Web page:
Review of "Thread"
at Wood Street Galleries, Pittsburgh, PA
weaves a digital approach to craft artworks
|Artist Devorah Sperber's
"After Vermeer 2 (The Girl with a Pearl Earring)" is an upside-down re-creation
of the 17th-century Dutch artist's painting made of spools of colored thread.
When viewed through a lens, the image is revealed. It's part of the exhibition
"Thread" at Wood Street Galleries.
Except for one mesmerizing work that reaches back to the 17th century and is worth a visit on its own, "Thread," at Wood Street Galleries, will be most appreciated by a Web-generation audience and those open-minded to the experience of the art that age group is producing.
That isn't meant in any way as a dismissal of the exhibition because, while much of the expression is formally experimental, it affords a look into the present and future tense of art-making. Contemporary art is about change and, as a trip through the Museum of Modern Art in New York attests, what was once biting over time becomes commonplace, or even outdated.
Since Impressionism challenged the superiority and rule of the academies in the last part of the 19th century, art has evolved through a staggering number of stylistic and ideological manifestations. That momentum continues, perhaps most radically driven now by computer technology and the World Wide Web.
Michele Thursz, the show's guest curator, and the 12 participating artists or collectives are all young enough to have grown up with the Internet, says Murray Home, Wood Street curator. And their fluency with the digital world is evident, partially in the mechanisms they employ but also in the incorporation of customs and practices that those who spend little time online will be aware of.
"The curatorial model of 'Thread,'" Thursz writes in an informative essay available to gallery visitors, "emulates the structure of a Web log." That will be more evident to some visitors than to others, and for the former will add a dimension of appreciation.
For example, Ursula Endlicher's "WEBSITE WIGS" comprises bright multicolored wigs, some braided or with entangled brushes, anchored across a wall and connected with variously colored strands of "hair." It seems to be a blend of kitsch and feminist fashion concerns.
But Thursz's statement, and a check of the artist's Web site, explains that the braids, strands, knots and other formal choices were determined by the "hyper-linked tree structure" of various Web sites, such as google.com or intel.com. "Each color-coded hair elastic represents a specific link on the Web site; a knot in the hair stands for 'secure https,' while 'loops' in the hairdo correspond to menu items on the Web site that link back to an upper level in the hierarchy." And more. It boggles the mind to consider the amount of time invested in this diagram, as well as the cross-threads of implications -- about communication, the structure and privileging of knowledge, inclusion and diversity -- that could ultimately be read in such mapping.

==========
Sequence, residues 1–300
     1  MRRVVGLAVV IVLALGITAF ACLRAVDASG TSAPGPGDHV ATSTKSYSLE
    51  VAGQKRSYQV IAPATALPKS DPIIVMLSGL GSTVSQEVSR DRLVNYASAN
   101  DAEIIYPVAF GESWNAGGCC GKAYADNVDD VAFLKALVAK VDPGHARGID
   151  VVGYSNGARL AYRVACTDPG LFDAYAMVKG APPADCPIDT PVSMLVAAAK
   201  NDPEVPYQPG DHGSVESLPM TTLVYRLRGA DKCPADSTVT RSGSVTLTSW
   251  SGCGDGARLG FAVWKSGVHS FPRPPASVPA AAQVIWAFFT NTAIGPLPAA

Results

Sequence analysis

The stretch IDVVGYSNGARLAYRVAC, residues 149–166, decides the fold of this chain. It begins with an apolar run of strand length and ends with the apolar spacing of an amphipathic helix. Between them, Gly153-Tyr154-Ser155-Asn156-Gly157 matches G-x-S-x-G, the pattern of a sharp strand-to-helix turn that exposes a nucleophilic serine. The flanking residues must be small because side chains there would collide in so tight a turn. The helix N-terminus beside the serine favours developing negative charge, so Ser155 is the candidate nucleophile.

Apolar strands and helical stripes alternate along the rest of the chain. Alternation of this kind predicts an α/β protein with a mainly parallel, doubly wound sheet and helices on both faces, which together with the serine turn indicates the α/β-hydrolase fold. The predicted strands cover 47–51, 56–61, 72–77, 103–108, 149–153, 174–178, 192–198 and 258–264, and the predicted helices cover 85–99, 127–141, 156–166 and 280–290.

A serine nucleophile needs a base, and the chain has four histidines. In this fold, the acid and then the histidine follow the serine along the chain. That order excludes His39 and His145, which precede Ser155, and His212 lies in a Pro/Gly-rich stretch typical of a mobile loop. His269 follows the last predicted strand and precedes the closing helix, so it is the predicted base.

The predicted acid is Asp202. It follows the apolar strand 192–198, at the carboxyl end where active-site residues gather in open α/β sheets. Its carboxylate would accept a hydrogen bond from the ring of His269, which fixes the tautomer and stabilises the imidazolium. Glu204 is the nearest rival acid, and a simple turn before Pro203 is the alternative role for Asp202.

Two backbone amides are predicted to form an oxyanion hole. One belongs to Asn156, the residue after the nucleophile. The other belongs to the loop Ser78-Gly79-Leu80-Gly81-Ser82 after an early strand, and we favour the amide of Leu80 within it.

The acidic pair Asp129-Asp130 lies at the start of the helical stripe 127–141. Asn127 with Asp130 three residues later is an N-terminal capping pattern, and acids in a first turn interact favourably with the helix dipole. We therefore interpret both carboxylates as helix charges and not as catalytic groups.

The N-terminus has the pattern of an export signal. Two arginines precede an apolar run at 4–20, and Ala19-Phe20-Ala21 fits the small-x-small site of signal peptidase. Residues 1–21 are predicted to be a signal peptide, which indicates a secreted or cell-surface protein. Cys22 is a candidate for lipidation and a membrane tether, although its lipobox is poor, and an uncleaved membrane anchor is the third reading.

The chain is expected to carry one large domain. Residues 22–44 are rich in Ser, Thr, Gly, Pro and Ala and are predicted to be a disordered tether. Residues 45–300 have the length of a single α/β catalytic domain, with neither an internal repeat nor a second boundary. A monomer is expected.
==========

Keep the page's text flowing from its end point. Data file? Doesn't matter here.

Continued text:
If Endlicher's work may be seen as a deconstruction of the Web itself, Carlo Zanni and Anne-Marie Schleiner, in "Average Shoveler" and "PS2 Diaries," respectively, co-opt video games -- somewhat the way Roy Lichtenstein did comic strips -- as generic backgrounds for their political or personal narratives.
But one doesn't have to be computer-savvy to relate to many of the displayed works.
Horne says that one unifying theme of the exhibition is that these artists have used digital means to create art that was usually made of craft media.
Craft has resurfaced recently, and perhaps not too surprisingly. When one considers that the Arts and Crafts Movement was generated at the turn of the 19th century in response to the Industrial Revolution, we're about due for a resurgence of interest in handicraft in reaction to the Cyber Revolution.
This is most delightfully expressed by the collective Knitta, whose colorful, tactile fiber pieces envelop railings, pipes and the street post in front of the gallery. There is, notably, an element of subversion here, in the marking of public spaces, a benign graffiti.
An exhibition currently at the Museum of Arts & Design in New York, "Radical Lace & Subversive Knitting," proclaims that "In the space of 10 years, knitting has emerged from the 'loving hands at home' hobbyist's den into museums and galleries worldwide."
One of the artists included in that exhibition, Cat Mazza, is also at Wood Street with the curious "Knitoscope Testimonies," a (short) visual re-presentation of documentary-style interviews about sweatshop injustices as "knitted animation," an effect achieved via specially developed software.
Standing outside of all of these is Devorah Sperber's "After Vermeer 2 (The Girl with a Pearl Earring)," a reproduction of the painting made popular by the 2003 movie, constructed of strung spools of colored thread. The large work -- 94 by 94 inches -- hangs upside down on a wall and at first appears to be abstract. However, when one looks into the stand-mounted lens in front of it, it is revealed to be a confoundingly respectable reproduction of the woman in the Dutch master's work.
Vermeer's understanding of light, his knowledge of color and the role it plays in shadow and in creating dimension are simultaneously reduced and celebrated by being recast in a mass-produced and commercially available object.
Further, in presentation, Sperber cleverly alludes to Vermeer's knowledge of and use of camera obscura technology (hotly contested after David Hockney's published claim, but the supposition had previously appeared in art texts).
The appearance of the spools as overblown pixels anchors this work within the thesis of this au courant exhibition that reveals itself in proportion to time spent with it.
Post-Gazette art critic Mary Thomas may be reached at email@example.com